Don't look to the White House to build a Star Wars-style Death Star any time soon.
Not even a "We the People" petition backed by more than 34,000 people, which urged the White House to focus the government's defense resources on securing "funding to build a Death Star by 2016," could convince the administration to construct the planet-destroying space station.
The White House shot down the request in a hilariously geeky statement titled, "This Isn't the Petition Response You're Looking For."
"The Administration shares your desire for job creation and a strong national defense, but a Death Star isn't on the horizon," Paul Shawcross, the chief of the Science and Space Branch at the White House wrote. "Here are a few reasons: The construction of the Death Star has been estimated to cost more than $850,000,000,000,000,000. We're working hard to reduce the deficit, not expand it. The Administration does not support blowing up planets. Why would we spend countless taxpayer dollars on a Death Star with a fundamental flaw that can be exploited by a one-man starship?"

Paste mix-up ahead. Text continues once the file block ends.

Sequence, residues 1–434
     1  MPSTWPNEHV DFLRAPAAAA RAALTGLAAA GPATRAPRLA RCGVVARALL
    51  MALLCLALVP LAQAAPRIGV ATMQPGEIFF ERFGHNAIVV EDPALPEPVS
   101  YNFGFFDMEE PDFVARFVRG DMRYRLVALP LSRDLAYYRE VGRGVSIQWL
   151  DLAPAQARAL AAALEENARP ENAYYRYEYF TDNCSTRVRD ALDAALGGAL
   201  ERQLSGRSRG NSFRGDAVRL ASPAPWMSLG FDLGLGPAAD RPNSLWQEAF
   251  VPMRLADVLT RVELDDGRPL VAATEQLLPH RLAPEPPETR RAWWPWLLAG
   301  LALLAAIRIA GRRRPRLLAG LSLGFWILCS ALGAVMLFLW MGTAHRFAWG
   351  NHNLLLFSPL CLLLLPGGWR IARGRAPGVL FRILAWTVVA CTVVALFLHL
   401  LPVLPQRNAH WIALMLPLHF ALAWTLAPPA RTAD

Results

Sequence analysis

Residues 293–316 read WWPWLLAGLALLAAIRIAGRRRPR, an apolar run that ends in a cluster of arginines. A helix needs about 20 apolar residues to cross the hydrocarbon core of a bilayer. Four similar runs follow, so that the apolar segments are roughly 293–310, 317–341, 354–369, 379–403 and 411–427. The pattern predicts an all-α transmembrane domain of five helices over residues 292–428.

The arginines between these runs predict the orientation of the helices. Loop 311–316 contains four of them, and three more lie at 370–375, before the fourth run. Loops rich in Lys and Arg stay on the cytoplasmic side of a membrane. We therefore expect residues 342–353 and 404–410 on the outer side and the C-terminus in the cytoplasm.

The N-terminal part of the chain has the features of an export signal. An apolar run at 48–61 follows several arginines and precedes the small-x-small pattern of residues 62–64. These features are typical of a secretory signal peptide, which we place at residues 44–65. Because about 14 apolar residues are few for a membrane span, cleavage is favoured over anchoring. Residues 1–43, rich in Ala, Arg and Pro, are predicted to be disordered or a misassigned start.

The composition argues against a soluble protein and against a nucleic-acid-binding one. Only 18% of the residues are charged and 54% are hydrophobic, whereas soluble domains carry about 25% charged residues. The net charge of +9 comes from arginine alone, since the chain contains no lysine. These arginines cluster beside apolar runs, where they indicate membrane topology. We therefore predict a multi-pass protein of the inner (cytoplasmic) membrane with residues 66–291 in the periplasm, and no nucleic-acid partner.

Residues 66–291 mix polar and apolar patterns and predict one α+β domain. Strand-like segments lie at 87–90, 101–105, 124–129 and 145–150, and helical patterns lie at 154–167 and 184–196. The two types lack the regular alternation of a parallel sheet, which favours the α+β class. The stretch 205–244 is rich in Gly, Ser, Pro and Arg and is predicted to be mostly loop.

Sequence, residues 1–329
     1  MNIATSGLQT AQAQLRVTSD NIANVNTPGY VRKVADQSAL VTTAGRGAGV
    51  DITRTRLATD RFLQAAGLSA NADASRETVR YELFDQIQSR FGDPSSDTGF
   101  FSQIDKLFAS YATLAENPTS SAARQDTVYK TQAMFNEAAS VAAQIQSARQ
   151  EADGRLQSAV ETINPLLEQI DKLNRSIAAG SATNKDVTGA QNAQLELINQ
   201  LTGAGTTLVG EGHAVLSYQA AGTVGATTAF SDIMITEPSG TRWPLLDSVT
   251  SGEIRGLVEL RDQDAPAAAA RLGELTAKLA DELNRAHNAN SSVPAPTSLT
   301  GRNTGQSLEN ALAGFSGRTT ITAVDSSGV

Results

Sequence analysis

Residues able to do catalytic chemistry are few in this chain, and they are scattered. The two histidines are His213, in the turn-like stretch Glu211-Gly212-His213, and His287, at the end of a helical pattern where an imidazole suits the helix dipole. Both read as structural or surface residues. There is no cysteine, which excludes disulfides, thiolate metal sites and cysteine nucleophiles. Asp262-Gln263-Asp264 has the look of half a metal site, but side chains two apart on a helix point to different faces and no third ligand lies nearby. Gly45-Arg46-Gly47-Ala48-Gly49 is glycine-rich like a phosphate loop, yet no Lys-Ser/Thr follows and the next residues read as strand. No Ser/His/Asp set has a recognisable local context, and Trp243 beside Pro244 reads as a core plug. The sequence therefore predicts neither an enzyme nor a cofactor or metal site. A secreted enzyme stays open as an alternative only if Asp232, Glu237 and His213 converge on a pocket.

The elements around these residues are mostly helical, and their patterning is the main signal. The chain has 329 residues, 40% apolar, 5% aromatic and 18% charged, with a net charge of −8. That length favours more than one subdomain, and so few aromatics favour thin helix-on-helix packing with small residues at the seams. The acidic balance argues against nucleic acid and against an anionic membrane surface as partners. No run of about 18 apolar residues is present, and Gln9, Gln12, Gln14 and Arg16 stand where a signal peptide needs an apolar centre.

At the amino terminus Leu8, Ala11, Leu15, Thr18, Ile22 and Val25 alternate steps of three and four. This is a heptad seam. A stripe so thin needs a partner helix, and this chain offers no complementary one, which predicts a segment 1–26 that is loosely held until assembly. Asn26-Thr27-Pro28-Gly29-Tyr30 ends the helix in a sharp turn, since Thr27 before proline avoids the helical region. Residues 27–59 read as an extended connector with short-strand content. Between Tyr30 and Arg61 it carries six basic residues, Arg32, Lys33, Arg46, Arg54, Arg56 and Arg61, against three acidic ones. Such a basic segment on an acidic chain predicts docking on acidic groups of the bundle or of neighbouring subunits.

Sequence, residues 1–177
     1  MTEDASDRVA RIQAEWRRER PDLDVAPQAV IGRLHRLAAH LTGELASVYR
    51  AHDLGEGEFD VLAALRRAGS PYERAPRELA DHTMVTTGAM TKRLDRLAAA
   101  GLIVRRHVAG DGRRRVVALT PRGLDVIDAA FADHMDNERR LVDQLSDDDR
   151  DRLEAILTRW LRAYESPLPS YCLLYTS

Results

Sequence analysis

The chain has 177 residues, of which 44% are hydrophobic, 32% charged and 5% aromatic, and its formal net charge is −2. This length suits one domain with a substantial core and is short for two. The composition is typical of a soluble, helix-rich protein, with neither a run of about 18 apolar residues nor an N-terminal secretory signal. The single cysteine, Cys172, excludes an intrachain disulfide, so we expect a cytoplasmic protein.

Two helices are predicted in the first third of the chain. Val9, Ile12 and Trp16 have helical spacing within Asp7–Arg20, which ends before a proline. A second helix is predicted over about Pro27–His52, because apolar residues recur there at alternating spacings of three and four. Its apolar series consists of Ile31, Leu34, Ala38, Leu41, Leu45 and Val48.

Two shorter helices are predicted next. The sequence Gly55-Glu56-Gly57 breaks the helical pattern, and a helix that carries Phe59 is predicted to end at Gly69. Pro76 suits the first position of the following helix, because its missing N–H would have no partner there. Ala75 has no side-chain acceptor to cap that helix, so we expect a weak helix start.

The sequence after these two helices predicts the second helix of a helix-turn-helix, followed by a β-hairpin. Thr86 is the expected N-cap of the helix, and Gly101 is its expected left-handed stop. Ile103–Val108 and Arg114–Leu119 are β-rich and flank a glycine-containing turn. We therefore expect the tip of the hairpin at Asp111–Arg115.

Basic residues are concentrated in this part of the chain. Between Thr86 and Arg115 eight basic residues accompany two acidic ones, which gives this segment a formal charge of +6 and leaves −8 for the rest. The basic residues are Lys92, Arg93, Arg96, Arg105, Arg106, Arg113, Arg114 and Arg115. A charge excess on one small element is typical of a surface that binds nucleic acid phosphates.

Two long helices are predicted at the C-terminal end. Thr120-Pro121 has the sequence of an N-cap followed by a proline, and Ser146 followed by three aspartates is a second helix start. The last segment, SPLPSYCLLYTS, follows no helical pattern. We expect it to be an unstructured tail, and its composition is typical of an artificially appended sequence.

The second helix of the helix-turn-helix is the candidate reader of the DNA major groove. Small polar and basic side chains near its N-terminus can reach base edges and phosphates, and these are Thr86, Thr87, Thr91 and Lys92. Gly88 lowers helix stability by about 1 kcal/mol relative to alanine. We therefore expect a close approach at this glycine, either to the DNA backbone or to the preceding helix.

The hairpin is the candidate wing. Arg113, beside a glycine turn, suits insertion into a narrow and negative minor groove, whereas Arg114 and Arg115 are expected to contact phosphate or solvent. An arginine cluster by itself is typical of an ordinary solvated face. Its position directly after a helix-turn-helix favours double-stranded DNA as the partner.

Shawcross urged petitioners to look to the sky and "notice something already floating there," a space station.
"Yes, we already have a giant, football field-sized International Space Station in orbit around the Earth that's helping us learn how humans can live and thrive in space for long durations," the statement continued. "We don't have a Death Star, but we do have floating robot assistants on the Space Station, a President who knows his way around a light saber and advanced (marshmallow) cannon, and the Defense Advanced Research Projects Agency, which is supporting research on building Luke's arm, floating droids, and quadruped walkers."
The statement went on to encourage petitioners to pursue a career in science, technology, engineering, or a math related field, saying "the Force will be with us," if they did.
"Remember, the Death Star's power to destroy a planet, or even a whole star system, is insignificant next to the power of the Force," Shawcross quipped.
The "We the People" online petition program started under President Obama to give citizens the opportunity to influence policy, with the administration vowing to respond to any petition that receives more than 25,000 signatures.